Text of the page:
Mewtwo Strikes Back—Evolution (manga)

Mewtwo Strikes Back—Evolution (Japanese: ミュウツーの逆襲 EVOLUTION Mewtwo Strikes Back Evolution) is a manga adaptation of the movie of the same name. It is adapted by 五味まちと Machito Gomi.


Edition Country Company Date ISBN
Japan Shogakukan July 12, 2019 ISBN 9784091430601
United States VIZ Media August 11, 2020 ISBN 9781974715527
Singapore Shogakukan Asia July 2021 ISBN 9789811442070
France Kurokawa August 20, 2020 ISBN 9782368529898

Differences between the anime and the manga

  • The manga begins with Mewtwo's awakening in the laboratory on New Island, omitting the movie's opening scene of Dr. Fuji's expedition in Guyana.
  • When Mewtwo is destroying the laboratory, he carries out his final attack while face-to-face with Dr. Fuji. In the movie, Dr. Fuji exits the main lab before the explosion and slumps against a wall alone.
  • In the manga, Mewtwo says that he doesn't like Giovanni as he begins to rebel, prompting Giovanni to activate the restraint protocol in his armor. In the movie, Mewtwo begins destroying the armor before Giovanni activates the restraints, which he only does moments before Mewtwo destroys the Team Rocket HQ.
  • After Mewtwo begins breaking out of the armor, Giovanni sends out his Rhydon and battles Mewtwo, ultimately trying to subdue him using Horn Drill, only to break Mewtwo's armor and allow him to escape. None of this occurs in the movie, in which Rhydon doesn't appear, no battle occurs and Mewtwo escapes entirely with his own power.
  • As Ash introduces himself, he narrates short introductions to his traveling companions, during which flashbacks to his battle against Brock at Pewter Gym and to Misty and the Sensational Sisters occur. These are not present in the movie.
  • In the manga, Ash's battle with Raymond begins as a Double Battle pitting Bulbasaur and Squirtle against Raymond's Donphan and Machamp. In the movie, the battle begins with Bulbasaur versus Machamp alone.
  • The invitation Mewtwo sends to Ash in the manga is a letter written on ordinary paper, instead of the hologram communication of Nurse Joy issuing the invitation featured in the movie. Additionally, Ash does not have to return a message accepting the invitation in the manga.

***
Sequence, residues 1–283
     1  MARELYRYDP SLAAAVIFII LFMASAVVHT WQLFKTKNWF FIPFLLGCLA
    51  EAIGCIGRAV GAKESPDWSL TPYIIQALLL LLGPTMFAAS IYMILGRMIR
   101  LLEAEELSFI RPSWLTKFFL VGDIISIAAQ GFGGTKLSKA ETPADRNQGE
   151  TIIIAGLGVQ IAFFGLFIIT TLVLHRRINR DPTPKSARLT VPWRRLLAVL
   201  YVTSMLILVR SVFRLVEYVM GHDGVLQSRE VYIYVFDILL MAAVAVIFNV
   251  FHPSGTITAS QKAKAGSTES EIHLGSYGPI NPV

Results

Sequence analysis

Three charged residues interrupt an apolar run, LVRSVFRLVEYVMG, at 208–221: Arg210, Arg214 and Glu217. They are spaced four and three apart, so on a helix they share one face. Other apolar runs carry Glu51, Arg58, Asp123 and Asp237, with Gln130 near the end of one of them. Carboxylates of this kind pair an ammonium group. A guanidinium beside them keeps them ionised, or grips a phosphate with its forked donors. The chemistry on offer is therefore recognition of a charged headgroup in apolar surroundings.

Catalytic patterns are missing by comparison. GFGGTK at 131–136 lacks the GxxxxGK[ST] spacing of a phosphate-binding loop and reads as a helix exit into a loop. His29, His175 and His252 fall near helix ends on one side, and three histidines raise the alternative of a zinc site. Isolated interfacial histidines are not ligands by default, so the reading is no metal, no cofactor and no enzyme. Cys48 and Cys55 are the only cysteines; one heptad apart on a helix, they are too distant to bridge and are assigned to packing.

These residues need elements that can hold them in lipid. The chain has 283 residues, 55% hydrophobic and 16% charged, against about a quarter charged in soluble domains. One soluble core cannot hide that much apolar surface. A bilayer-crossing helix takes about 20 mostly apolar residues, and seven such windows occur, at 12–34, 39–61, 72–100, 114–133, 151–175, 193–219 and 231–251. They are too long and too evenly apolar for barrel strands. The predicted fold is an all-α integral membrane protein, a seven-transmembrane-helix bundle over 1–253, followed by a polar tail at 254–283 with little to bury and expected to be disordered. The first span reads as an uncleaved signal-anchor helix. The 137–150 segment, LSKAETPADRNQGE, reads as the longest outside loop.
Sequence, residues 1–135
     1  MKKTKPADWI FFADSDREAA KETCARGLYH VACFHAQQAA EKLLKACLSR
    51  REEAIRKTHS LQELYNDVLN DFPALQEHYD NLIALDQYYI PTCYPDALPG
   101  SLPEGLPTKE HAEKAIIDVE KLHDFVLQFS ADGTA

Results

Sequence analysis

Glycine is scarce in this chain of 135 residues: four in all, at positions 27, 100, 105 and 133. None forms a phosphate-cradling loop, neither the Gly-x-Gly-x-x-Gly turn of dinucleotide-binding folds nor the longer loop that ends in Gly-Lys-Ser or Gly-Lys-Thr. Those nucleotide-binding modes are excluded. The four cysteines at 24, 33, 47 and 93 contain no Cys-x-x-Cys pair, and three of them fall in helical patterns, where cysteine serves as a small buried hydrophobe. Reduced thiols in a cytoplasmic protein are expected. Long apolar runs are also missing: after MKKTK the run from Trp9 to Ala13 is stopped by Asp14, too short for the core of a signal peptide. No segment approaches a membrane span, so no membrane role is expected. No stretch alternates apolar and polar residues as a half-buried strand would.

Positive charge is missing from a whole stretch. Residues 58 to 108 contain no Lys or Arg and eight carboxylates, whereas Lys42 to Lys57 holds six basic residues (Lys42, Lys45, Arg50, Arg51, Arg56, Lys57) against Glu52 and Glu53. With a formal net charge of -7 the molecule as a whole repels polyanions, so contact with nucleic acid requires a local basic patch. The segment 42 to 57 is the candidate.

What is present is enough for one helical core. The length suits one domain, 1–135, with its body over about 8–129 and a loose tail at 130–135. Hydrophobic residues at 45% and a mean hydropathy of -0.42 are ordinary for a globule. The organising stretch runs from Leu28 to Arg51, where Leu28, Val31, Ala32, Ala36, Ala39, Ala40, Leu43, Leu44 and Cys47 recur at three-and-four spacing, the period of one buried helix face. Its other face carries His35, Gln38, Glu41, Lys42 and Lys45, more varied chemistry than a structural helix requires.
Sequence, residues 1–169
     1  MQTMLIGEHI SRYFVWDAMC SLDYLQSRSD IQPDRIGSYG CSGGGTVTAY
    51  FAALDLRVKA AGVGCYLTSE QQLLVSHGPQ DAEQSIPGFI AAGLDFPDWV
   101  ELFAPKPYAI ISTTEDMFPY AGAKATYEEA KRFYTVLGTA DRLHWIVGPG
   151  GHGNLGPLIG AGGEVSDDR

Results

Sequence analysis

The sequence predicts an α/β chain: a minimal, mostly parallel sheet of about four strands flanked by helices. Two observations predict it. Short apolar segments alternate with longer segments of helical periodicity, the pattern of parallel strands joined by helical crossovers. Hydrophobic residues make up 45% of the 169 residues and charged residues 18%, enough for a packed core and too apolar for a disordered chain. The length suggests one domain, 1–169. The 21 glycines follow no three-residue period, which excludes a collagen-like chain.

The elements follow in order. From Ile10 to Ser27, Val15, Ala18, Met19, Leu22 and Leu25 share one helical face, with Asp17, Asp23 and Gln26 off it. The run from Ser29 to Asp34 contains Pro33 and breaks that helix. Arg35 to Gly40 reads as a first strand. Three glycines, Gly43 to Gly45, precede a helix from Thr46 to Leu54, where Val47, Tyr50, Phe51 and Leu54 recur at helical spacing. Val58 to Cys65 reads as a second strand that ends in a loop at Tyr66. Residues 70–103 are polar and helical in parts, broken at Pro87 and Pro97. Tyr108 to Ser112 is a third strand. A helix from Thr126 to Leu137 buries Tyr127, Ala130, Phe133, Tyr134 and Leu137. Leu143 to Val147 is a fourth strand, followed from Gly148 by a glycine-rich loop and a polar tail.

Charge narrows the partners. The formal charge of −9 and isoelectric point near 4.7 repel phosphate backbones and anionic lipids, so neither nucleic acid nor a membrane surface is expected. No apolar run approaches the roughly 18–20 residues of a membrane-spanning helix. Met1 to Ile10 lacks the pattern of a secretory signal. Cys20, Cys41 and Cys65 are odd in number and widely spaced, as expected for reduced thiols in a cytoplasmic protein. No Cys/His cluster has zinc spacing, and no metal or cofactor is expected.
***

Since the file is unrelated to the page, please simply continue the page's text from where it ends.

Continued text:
• As a result of the manga removing Ash having to accept the invitation, Team Rocket merely overhear the discussion and decide to follow him instead of encountering Dragonite and finding Ash's reply.
  • The first scenes at Old Shore Wharf are cut from this adaptation up until Ash, Brock, and Misty board Team Rocket's boat. Their boarding the boat, capsizing in the storm and making their way to New Island are all explained in flashbacks after they arrive. However, when Mewtwo releases Nurse Joy from his control, Brock has a flashback to seeing the missing person notice about her at Old Shore Wharf.
    • Despite the above cuts, Ash, Brock, Misty, and the others are sent back to Old Shore Wharf at the end of the story. This scene unfolds in much the same way as it does in the movie, but Miranda is not present, and thus does not appear in the manga at all.
  • Team Rocket are not shown arriving on New Island in the manga. They simply appear in the castle after Mewtwo makes his appearance in the main hall, exploring while Jessie complains that they "followed them all this way for a stupid party."
  • As the cloning machine explains the replication process, it displays Meowth without taking a sample of his DNA and making a clone, instead of cloning him during the explanation like in the movie.
    • As a result of this, Meowthtwo is never created and therefore is absent from the manga's story.
  • The conflict between Mewtwo and the Trainers prior to the first partner Pokémon battles is significantly shortened, involving only Fergus and his Gyarados. Mewtwo's exchanges with Pikachu and Corey's Rhyhorn are cut, as is the brief exchange Mewtwo has with Charizard.
  • In the manga, Mewtwo's Venusaur does not use Leaf Storm, while Bruteroot does not use Energy Ball.
  • Pikachu is captured nearly immediately by one of the Mewtwo Balls in the manga, while in the movie, a lengthy chase occurs before he is captured.
  • In the manga, Mewtwo deliberately summons the clone army to his side after giving the humans permission to leave New Island. In the movie, it is implied that he did not expect their presence.
  • When Mewtwo and Mew begin fighting, Mewtwo uses a move that resembles Stone Edge and physically grabs Mew before blasting it away into the sky, and Mew responds by hitting Mewtwo with a point-blank attack. In the movie, Mewtwo only uses Shadow Ball and they fight at a distance from each other.
  • Mewtwo clearly enunciates his motives during the climactic battle in the manga, explaining that the clones must win because if they prove to be inferior to the originals, they have no right to exist; therefore, their rebellion is their revenge upon the humans who placed such standards upon them.
  • When Ash recalls seeing Ho-Oh on the first day of his journey, Ho-Oh makes a cameo in a brief flashback. This flashback is not in the movie, which follows the first movie's ending.

See also

Movie manga adaptations
M08M08 short (Yoshino Emiko)M08 short (Miho Asada)M09M09 shortM10M11M12
M13M14M15M16M17M18M19M20 (1)M20 (2)M21M22M23

  This article is part of Project Manga, a Bulbapedia project that aims to write comprehensive articles on each series of Pokémon manga.